|Holbrook, Carl - Corley|
Submitted to: Biological and Cultural Tests for Control of Plant Diseases
Publication Type: Peer Reviewed Journal
Publication Acceptance Date: 3/10/1999
Publication Date: N/A
Interpretive Summary: Tomato spotted wilt virus (TSWV) is a relatively new disease in the U.S. peanut production areas. This virus can cause serious yield losses and there are no effective chemical control measures. The objective of this study was to examine advanced peanut breeding lines from four breeding programs for their reaction to TSWV. Eighteen breeding lines, a highly susceptible cultivar, and a moderately resistant cultivar were grown in two locations. Six of the breeding lines showed a significantly higher level of resistance to TSWV than the moderately resistant cultivar. Six breeding lines had significantly higher yield than the moderately resistant cultivar. This information will be used to determine which of these breeding lines have the potential to be released as cultivars.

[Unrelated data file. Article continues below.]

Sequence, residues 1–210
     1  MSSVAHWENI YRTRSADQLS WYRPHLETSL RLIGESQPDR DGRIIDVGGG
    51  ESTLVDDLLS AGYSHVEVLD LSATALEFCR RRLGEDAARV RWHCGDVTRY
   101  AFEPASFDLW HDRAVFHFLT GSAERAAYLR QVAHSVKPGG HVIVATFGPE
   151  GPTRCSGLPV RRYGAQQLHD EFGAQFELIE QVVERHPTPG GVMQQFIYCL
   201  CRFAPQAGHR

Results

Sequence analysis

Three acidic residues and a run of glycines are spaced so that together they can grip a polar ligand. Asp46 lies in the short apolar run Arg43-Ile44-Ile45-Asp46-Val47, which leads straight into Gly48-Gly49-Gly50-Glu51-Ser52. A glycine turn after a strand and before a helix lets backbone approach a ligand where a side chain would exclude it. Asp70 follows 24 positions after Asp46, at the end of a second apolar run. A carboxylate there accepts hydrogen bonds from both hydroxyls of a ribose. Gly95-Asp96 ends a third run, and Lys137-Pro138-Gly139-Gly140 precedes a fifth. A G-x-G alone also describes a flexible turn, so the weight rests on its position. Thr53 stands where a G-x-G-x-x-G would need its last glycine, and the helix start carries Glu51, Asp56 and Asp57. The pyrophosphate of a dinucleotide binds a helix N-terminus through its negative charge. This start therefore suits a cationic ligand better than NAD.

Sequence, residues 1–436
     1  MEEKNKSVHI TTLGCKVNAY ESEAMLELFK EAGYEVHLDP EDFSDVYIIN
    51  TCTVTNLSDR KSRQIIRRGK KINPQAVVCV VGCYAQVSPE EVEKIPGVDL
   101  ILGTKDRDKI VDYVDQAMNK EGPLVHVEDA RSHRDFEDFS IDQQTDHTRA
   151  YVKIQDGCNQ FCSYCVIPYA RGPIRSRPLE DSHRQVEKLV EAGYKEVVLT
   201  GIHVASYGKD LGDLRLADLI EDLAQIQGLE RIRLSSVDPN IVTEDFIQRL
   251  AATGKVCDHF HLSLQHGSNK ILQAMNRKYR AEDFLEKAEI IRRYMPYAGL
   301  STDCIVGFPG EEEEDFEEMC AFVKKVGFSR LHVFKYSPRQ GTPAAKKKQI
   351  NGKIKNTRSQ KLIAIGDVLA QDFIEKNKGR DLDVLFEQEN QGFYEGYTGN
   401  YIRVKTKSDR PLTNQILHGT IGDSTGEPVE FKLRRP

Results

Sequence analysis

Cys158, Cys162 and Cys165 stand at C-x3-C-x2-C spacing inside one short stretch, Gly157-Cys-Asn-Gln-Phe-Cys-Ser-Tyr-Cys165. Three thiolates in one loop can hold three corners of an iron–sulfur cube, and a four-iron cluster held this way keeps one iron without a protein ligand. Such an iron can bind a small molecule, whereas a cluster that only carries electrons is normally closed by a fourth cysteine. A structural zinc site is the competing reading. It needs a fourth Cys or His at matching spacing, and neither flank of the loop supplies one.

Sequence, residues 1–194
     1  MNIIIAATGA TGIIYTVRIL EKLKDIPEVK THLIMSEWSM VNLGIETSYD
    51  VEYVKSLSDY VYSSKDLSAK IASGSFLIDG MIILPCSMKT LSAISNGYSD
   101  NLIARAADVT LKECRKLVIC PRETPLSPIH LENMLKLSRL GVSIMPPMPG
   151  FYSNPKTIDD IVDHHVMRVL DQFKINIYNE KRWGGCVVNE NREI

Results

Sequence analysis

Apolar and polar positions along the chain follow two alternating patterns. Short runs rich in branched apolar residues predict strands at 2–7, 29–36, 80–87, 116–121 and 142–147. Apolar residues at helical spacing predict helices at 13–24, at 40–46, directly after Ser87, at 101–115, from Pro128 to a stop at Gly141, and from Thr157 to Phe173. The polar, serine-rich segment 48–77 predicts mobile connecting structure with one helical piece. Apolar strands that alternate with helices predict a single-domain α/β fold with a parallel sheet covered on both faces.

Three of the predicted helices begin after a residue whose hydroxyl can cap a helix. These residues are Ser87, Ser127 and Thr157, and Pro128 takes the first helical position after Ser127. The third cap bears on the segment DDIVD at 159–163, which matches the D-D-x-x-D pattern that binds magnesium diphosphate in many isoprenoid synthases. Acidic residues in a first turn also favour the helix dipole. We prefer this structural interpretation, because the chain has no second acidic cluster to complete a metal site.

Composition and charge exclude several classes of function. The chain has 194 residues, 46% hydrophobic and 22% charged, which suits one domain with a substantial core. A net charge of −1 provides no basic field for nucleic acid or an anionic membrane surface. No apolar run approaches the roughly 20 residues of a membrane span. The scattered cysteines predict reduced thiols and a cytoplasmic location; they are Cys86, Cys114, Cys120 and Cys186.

Technical Abstract: Experiments were conducted at the Univ. of Georgia, Coastal Plain Expt. Station, Lang Farm, Tifton, GA and at the North Florida Research and Education Center, Marianna, FL. Randomized complete block designs with six replications were used in both locations. Thrips and TSWV were endemic at both locations. Genotypes evaluated included runner-type lines from breeding programs at the Univ. of Florida, the Univ. of Georgia, the USDA, and Agratech Seeds. Entries also included Georgia Runner and Georgia Green as susceptible and moderately resistant standards. All tests were maintained as recommended for commercial production. Plants were inverted at approximate optimum maturity at each location. Pods were harvested mechanically, and pod yields were determined for each plot. Five spotted wilt ratings were made (2-3 wk intervals) during the season. The number of 0.31-m portions of row containing plants severely affected by spotted wilt were counted in each plot, and the percentage of row length severely affected was calculated. Five evaluations were made, with final intensity (FI) ratings made just before digging. Area under the disease progress curve (AUDPC) was calculated for each plot, and AUDPC and FI ratings were used for comparison of genotypes. Epidemics of spotted wilt were severe at both locations. Location x genotype effects on AUDPC's were significant. Two breeding lines had lower AUDPC values than Georgia Green at both locations. There was no significant location x genotype interaction for FI ratings or yield. Across locations, FI ratings were higher in Georgia Runner than in all but one of the other genotypes. Six entries had lower FI ratings than Georgia Green, and six entries had higher yields than Georgia Green.